By Senzeni Ngubane
On 24 May 1994, the newly elected democratic President of South Africa Nelson Mandela, stood up in Parliament in his first State of the Nation Address and committed his government to the following:
“My Government's commitment to create a people-centred society of liberty binds us to the pursuit of the goals of freedom from want, freedom from hunger, freedom from deprivation, freedom from ignorance, freedom from suppression and freedom from fear. These freedoms are fundamental to the guarantee of human dignity. They will therefore constitute part of the centrepiece of what this Government will seek to achieve, the focal point on which our attention will be continuously focused. The things we have said constitute the true meaning, the justification and the purpose of the Reconstruction and Development Programme, without which it would lose all legitimacy.”
Recently Statistics South Africa released its fourth census report since the dawn of democracy in 1994. It clearly demonstrated that the policies and programmes that our government has implemented is bearing fruit, that we have made huge progress in redressing the imbalances of the past. While we still have much to do, we are certainly on track to see that the vision of our beloved founding father is still within our grasp.
The report assists government to understand the long-term impact of various government policies and programmes on the country and its citizens. The Census 2022 lays bare notable progress we have made in a number of areas as well as challenges that require us to redouble our efforts in order to realise the dream of our founders, which is to ensure a better life for all.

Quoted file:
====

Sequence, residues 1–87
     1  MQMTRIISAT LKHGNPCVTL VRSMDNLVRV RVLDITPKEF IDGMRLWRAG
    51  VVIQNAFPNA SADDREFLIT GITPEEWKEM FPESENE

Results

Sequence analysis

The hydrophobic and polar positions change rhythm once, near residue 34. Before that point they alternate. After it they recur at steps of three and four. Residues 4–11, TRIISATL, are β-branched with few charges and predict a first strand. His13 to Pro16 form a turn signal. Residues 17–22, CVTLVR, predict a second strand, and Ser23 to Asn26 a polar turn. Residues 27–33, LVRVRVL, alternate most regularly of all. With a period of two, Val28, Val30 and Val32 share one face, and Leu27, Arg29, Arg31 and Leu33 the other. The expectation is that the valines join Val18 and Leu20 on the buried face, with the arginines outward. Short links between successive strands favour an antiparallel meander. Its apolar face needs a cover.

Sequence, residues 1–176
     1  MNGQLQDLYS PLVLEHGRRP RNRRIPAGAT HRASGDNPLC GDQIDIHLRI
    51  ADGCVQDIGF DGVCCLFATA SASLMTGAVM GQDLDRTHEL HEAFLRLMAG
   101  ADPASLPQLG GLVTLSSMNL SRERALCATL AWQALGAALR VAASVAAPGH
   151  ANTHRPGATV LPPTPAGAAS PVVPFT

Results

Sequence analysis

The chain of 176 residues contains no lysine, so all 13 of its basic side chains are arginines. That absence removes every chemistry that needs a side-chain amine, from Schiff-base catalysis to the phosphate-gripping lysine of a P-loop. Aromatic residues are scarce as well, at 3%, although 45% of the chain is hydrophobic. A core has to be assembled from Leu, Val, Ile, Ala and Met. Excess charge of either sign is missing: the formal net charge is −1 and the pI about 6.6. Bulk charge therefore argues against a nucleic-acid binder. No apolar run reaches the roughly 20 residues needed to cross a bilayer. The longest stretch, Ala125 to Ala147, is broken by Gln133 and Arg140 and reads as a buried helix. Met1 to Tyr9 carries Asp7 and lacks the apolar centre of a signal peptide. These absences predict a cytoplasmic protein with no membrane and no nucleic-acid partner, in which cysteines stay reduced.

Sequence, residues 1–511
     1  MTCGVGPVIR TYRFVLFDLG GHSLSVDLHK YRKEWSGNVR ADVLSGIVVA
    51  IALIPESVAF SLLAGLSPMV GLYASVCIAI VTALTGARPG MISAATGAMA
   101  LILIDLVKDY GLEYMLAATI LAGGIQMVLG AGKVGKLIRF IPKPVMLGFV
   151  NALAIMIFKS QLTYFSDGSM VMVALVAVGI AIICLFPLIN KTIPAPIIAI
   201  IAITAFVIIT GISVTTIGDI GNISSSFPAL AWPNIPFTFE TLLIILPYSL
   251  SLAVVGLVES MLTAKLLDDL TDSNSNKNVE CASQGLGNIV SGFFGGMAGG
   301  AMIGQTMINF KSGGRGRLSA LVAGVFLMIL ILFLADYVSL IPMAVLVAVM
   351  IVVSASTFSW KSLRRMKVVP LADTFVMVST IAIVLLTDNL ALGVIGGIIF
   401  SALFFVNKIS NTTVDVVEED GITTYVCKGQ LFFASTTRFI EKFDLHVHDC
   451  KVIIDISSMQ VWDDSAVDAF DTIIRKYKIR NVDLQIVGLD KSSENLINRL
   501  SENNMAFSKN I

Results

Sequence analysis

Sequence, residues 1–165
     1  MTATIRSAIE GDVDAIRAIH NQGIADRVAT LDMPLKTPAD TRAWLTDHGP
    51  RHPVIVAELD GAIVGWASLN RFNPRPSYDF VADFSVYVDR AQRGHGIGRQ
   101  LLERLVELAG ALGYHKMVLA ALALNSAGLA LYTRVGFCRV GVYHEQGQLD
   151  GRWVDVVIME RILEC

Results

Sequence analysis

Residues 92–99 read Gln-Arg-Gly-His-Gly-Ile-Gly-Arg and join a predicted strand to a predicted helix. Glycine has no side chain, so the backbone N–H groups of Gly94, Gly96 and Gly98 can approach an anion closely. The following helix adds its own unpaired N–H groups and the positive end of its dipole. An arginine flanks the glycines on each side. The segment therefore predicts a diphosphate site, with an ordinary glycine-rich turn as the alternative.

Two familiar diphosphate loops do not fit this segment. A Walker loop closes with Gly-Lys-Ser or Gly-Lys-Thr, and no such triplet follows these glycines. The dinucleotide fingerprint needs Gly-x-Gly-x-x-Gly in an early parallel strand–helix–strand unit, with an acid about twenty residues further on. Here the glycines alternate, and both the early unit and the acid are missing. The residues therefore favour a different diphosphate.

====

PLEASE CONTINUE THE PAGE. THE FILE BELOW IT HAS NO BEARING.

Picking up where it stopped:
For those who lived under apartheid and remember the devastation - the Census findings show that indeed we have changed for the better, and conclusively demonstrates that our development was not by accident, but rather by design through various government programmes implemented since 1994.
They furthermore show that our social welfare system has made a huge difference in the lives of the poorest households especially schoolchildren by ensuring that no one slips below a minimum standard of living. The introduction of no-fee schools, Early Childhood Development and school nutrition programmes has undoubtedly had a positive impact on enrolments and improvements in the outputs of the educational system.
Over 9 million learners benefit from the National School Nutrition Programme, which contributes towards the country’s realisation of the Millennium Development Goals especially in making education accessible to the poor. The programme enhances the learning capacity of learners through the provision of a healthy meal at schools. This means that children can learn better because they are not hungry and it has resulted in close to 100 percent attendance by children until at least the age of 15.
Our progress is underscored by the 2021 World Bank report in that our social protection system has helped protect vulnerable people and ensured they can meet their basic needs. It has been at the heart of transforming lives and has been a springboard for change in communities throughout our nation. It is also central to government’s poverty alleviation programme and central to restoring the dignity of our people.